The initial management of scrotal skin loss is largely dependent on the inciting disease process. In order to appropriately manage FG, genital lymphedema, and hidradenitis, surgical principles mandate the resection of affected genital skin with either immediate or eventual reconstruction of the wound defects. FG, in particular, carries with it substantial morbidity, and a reported mortality between 20–40% in historical series, although this is likely an overestimation in contemporary practice (22). As such, the necrotizing soft tissue infection must be treated early and aggressively. Immediate management includes hemodynamic monitoring, fluid resuscitation, and administration of broad-spectrum antibiotics with adequate coverage of gram-positive, gram-negative, aerobic, and anaerobic bacteria. We prefer a common antibiotic regimen consisting of gentamicin, metronidazole or clindamycin, and a third-generation cephalosporin (ceftriaxone, ceftazidime, etc.); unusual causes may require the use of alternative antibiotics or antifungals. FG requires emergent and radical surgical debridement with irrigation of all non-viable tissue until healthy, bleeding edges are encountered. However, it is almost always necessary to perform multiple debridements and we often recommend at least one “second look” visit to the operating room to thoroughly examine the patient and assess the viability of the tissues with the patient asleep (39). At our institution, our second-look procedures serve to validate our previous debridements; if we encounter additional non-viable tissue, we proceed to additional take-backs until no additional debridement is necessary. In highly aggressive cases, a multidisciplinary approach with general surgery colleagues may be required in the event of abdominal involvement as loop colostomy performance might be necessary. However, at our institution, we manage all genital wounds primarily; for extensive wounds that start in the genitalia and proceed into the abdomen, we have involved plastic surgery for management of the abdominal component. Another acceptable management strategy might call for urologists to debride the patient’s genitalia as much as is indicated prior transitioning all wound management to plastic surgery colleagues.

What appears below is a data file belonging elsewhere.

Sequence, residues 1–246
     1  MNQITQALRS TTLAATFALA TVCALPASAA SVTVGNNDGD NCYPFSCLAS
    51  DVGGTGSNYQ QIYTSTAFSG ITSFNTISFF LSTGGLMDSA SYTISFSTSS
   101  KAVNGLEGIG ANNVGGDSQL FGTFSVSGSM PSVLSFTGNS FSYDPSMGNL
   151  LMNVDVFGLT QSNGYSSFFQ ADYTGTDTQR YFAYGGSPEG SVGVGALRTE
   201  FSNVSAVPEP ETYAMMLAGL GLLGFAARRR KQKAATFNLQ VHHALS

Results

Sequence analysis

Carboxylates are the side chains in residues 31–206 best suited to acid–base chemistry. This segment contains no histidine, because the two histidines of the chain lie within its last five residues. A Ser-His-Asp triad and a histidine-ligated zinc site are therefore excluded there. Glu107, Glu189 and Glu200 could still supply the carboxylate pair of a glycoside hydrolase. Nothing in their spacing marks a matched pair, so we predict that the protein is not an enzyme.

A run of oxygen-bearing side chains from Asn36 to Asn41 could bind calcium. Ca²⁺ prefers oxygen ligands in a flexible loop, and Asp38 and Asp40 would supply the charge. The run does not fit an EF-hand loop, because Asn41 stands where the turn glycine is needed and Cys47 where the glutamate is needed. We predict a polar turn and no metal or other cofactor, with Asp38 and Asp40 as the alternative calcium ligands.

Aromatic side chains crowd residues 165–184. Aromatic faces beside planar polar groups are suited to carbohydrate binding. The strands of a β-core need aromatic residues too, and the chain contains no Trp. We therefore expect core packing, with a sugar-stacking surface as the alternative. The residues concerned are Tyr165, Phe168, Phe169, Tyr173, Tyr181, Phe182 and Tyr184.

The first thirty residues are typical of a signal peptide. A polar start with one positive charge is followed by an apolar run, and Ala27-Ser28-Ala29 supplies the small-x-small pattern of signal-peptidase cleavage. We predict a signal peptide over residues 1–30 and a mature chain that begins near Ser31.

Due to the robust blood supply to the testicles, orchiectomy during FG presentation is only rarely indicated (40,41). In cases of extensive scrotal involvement, the use of anteromedial thigh pouches was historically described in order to house the testicles and preserve viability and future fertility. This is accomplished first by complete mobilization of the testes and spermatic cord to the external inguinal ring for adequate length. The thigh pouches are then created on the anteromedial thigh using blunt dissection to expose the fascia lata. As described historically, the testicles are to be placed within the pouch anteriorly, and at differing levels such that rubbing and local trauma is avoided when the patient is moving their lower extremities. Importantly, though, we feel thigh pouches to be an unnecessary step in FG management as this historic technique is often not necessary in contemporary practice. Further, in our experience, patients with thigh pouches tend to have significant groin pain and discomfort while walking regardless of anterior location of the pouches. Instead, we prefer to keep the testicles wrapped with saline gauze or included in the vacuum-assisted closure (VAC) dressing of the entire FG wound.